The 25 patients were regularly injected with growth hormone and compared to another 25 patients injected with a placebo. Those receiving growth hormone showed a prompt increase in IGF-1 levels sustained throughout the nine-month trial and showed a significant improvement in their symptoms compared to the placebo group. Also, due to growth hormone therapy being very expensive some patients were unable to continue treatment after the completion of the study and complained of a relapse in their symptoms, further supporting the idea that low levels of growth hormone play a role in fibromyalgia.
What is the possible cause for this decline in growth hormone noted in fibromyalgia patients? Growth hormone is known to decline naturally in adults as they age, but fibromyalgia patients appear to be chronologically 33 years older in terms of their growth hormone levels (1).
The disruption of growth hormone release during deep sleep
The researcher Moldofsky was the first to notice in 1975 that deep sleep, known as stage 4-delta sleep, was interrupted by an intrusion of alpha waves in the majority of his fibromyalgia patients. He suggested that this disruption was responsible for the non-refreshing sleep and muscle pain reported in fibromyalgia. It is interesting that his control group developed similar symptoms when deprived of deep sleep, which were fully resolved following a night of undisturbed sleep, further supporting his theory. Other studies, for example, by Paiva (4) in 1994 and a recent study by Moldofsky (5) in 1998 have since supported these findings.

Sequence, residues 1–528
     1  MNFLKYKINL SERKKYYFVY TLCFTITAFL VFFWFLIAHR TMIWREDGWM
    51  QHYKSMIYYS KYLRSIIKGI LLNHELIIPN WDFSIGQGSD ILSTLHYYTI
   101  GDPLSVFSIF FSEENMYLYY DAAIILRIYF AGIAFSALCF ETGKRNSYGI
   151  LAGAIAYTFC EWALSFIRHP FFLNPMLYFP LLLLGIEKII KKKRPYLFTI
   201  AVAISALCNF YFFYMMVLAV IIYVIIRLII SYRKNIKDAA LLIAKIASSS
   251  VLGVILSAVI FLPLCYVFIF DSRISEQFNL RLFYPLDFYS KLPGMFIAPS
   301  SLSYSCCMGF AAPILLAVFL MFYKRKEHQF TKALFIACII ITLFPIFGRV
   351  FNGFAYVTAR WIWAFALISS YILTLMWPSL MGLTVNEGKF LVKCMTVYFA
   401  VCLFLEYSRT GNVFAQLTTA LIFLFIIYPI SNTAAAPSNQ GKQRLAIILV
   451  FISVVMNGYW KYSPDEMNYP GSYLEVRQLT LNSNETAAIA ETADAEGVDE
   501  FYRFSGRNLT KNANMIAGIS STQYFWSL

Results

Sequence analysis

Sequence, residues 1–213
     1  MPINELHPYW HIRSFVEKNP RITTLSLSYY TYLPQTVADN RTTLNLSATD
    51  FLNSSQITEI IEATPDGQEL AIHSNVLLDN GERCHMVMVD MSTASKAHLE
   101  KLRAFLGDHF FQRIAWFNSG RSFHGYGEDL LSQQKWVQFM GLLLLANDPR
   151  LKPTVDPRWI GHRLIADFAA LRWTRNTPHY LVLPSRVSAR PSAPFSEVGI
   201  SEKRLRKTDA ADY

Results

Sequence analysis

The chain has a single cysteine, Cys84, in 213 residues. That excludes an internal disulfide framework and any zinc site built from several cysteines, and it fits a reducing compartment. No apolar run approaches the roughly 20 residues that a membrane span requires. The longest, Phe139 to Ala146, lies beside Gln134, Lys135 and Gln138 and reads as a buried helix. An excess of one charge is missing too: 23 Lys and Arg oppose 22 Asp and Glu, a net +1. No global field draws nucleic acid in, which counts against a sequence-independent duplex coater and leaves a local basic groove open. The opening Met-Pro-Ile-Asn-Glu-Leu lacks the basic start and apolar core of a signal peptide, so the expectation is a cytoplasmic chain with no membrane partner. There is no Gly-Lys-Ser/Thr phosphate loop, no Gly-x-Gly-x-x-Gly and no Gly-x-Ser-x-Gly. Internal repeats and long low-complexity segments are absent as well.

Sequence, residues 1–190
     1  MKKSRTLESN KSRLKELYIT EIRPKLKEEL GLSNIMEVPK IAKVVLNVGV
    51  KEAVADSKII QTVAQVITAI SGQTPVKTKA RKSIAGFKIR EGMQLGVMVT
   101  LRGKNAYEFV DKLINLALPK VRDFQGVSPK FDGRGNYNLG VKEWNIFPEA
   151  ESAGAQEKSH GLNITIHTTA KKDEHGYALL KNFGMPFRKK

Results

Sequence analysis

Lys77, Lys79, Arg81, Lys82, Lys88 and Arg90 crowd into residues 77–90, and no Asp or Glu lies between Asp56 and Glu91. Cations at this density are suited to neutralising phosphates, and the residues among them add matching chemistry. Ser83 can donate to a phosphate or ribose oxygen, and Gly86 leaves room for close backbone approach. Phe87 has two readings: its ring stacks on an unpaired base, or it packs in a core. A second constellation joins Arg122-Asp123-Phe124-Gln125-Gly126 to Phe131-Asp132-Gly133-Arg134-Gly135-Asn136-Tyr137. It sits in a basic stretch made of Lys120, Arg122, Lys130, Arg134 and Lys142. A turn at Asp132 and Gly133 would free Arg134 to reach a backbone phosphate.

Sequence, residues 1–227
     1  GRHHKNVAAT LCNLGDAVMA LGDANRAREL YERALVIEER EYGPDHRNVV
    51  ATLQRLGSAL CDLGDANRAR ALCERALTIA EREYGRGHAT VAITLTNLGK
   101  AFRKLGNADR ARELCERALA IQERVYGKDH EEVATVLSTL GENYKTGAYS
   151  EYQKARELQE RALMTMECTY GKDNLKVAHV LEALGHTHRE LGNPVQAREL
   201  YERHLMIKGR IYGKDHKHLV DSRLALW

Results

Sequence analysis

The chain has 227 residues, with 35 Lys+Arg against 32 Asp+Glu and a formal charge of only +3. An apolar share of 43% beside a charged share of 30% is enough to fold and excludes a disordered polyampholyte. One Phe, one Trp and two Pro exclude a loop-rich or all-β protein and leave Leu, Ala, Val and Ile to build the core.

80% of growth hormone is released in a pulsatile fashion during deep sleep and its release is believed to be severely disrupted due to the alpha intrusion.
The Inhibitory Hormone - Somatostatin
Growth Hormone ChartThe control of growth hormone release is naturally more complex than portrayed in figure 1.
In fact, growth hormone is the only pituitary hormone that receives both stimulatory and inhibitory signals from the hypothalamus. The inhibitory hormone involved is called somatostatin and for growth hormone to be released the levels of GHRH need to exceed the levels of somatostatin (see figure 2).